Down and Out in Mexico

Dutch artist Ronald van der Voet, better known by the pseudonym Zedz, received a surprise one day when his artist’s Facebook page was tagged in a post from a Mexico City art gallery, in which it was announced that he would be participating in an exhibition there in February. The post, translated from Spanish, stated: ‘Zedz is an infamous Dutch graffiti artist who current lives and works in Mexico and will be exposing his works this February 17 in our gallery’. Zedz, who is currently based in Milan, and not Mexico, had never heard of the gallery, Art Affairs Sue, and thus was unaware of any plan of showcasing his work. The post contained no images of either Zedz or his work, and instead showed images of work in a style completely unrelated to any of Zedz’ material.

What do you do with a gallery that is posting ‘fake news’? In Zedz case, you totally embrace it. ‘Let’s travel together to Mexico, and put this show together’ he posted on his Facebook page. Instead of fact checking, Zedz decided to fact create, and with the help of a Kickstarter campaign, he had enough money to carry out this plan. Within 48 hours he had purchased a flight to Mexico City.

Yet things grew even more mysterious. Researching the post further, Zedz noticed that a large majority of the people who liked the post were situated in either Bangalore or Sri Lanka. No actual residents of Mexico City had liked the post or Facebook page. Finding a list of staff members on the gallery’s website, many of the names and photographs listed failed to match corresponding Facebook or Linked-In profiles, bringing further suspicion on the existence of the gallery.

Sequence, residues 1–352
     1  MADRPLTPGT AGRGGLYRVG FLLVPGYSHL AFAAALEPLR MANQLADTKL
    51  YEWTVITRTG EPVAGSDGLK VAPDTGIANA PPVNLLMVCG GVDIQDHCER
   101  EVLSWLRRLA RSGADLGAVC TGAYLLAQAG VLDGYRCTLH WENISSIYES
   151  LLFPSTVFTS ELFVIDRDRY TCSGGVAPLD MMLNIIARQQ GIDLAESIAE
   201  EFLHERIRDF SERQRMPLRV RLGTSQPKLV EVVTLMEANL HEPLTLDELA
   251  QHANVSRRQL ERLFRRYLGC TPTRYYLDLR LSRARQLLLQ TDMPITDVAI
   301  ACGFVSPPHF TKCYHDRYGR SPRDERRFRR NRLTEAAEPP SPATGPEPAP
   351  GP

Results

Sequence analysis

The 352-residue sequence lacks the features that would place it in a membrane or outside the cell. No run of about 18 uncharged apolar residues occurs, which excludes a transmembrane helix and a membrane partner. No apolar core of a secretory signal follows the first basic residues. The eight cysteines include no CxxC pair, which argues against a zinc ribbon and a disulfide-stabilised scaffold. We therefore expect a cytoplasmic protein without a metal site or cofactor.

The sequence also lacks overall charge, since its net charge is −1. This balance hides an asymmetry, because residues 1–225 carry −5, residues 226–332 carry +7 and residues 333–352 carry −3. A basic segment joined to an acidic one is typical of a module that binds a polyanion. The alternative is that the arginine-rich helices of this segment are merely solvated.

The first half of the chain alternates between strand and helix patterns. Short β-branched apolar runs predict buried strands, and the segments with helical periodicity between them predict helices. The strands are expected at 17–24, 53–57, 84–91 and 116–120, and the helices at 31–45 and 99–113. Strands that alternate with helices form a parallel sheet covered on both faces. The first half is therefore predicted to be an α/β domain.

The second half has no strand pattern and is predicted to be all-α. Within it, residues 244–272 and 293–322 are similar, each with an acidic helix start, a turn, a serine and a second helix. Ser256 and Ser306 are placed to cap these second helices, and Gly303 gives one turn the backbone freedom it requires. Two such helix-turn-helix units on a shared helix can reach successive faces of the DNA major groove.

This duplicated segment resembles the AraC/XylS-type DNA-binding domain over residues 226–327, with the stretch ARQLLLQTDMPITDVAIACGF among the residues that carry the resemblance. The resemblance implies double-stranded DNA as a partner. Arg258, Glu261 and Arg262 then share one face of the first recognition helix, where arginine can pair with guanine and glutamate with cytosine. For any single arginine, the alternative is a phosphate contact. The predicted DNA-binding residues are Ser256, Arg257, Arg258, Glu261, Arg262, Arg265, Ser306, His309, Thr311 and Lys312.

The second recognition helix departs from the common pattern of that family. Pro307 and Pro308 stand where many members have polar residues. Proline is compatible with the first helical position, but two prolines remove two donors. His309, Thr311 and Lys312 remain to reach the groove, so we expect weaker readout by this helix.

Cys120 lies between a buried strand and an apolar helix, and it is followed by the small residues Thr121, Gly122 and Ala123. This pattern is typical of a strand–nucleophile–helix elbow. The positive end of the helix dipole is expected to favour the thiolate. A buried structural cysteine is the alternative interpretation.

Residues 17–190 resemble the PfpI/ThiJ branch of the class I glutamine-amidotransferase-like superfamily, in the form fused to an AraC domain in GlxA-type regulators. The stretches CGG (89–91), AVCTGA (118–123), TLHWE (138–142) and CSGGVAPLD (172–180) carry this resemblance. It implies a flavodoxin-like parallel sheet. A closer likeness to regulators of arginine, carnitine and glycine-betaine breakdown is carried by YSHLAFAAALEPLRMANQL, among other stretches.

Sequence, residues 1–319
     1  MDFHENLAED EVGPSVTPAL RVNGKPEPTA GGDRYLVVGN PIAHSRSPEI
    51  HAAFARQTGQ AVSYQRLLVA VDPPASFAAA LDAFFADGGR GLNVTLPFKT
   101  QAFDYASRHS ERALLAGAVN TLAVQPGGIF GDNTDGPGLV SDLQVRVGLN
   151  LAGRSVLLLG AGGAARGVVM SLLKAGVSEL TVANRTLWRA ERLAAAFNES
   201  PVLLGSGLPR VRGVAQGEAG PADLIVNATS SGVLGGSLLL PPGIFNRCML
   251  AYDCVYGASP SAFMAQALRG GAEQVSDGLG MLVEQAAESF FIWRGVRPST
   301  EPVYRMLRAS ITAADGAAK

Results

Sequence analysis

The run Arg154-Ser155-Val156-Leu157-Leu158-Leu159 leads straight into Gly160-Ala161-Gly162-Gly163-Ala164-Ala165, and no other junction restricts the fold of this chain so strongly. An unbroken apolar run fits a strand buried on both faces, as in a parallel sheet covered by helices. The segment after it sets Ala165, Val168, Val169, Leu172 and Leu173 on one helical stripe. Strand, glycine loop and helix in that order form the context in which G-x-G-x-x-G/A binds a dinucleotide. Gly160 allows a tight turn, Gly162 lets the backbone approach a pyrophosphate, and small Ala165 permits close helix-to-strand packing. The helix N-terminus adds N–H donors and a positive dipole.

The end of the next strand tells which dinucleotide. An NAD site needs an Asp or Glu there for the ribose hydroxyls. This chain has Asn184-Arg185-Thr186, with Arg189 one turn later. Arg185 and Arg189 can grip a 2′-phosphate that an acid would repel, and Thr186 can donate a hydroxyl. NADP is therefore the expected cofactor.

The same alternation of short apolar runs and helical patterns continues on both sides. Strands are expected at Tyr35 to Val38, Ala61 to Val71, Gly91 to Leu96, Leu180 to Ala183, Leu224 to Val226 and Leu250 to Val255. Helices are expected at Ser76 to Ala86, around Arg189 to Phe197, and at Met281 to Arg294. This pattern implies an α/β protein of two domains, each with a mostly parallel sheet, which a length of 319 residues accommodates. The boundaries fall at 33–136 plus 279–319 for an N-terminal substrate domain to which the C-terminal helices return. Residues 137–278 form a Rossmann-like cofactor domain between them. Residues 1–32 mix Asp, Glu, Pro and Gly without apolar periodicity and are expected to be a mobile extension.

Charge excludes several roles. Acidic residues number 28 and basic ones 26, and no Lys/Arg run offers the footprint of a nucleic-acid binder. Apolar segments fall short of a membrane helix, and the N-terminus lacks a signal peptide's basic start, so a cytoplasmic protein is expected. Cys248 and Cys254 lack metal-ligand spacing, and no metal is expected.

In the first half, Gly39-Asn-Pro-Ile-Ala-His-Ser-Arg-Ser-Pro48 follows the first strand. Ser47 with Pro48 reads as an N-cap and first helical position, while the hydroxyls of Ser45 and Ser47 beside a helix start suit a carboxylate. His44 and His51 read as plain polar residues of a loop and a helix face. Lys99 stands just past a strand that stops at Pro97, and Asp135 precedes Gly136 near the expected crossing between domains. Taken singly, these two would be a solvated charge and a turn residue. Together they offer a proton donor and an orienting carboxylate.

Ronald went on with his journey. On Facebook he wrote: ‘I do realize that I am going to live and work in MC and thus will be living the gallery’s lie’. However, on the day of the opening, Ronald was unable to find the gallery. The Facebook address led him to a street in the upscale residential area of Polanko, with no sign of any prior existence of a gallery. Dialling the listed telephone number led to no connection, and was the final confirmation of the gallery’s non-existence. Returning to Facebook, that had by now become his travel blog, Ronald wrote: ‘I am sorry to look back on a bit of an unsuccessful mission, me not being able to trace down anything of “the other (Dutch artist-) Zedz” nor the gallery (also the phone line didn’t work). Nevertheless I collected a lot of material to contemplate over and the painting and enchilada’s where great.’

Unable to track down the mystery gallery, Zedz was nevertheless able to fulfil what the Art Affairs Sue had promised, a Mexico City inspired collection of work. The collected materials and newspapers found on his trip now serve as rich inspiration for a series of screen prints, and collages that he gave away as gifts to those who helped make his journey possible.

After confronting the gallery at the end of his trip, pointing out their obvious mistake, Zedz received a comment from the gallery declaring its existence as an upper-class institution, but with a clear refutation of any collaboration with Zedz, whom they referred to as ‘lower-class’. From this moment on he was no longer able to access Art Affairs Sue’s Facebook page the next time he searched for it.

Photography by Ronald van der Voet
Text by Alicia Hansen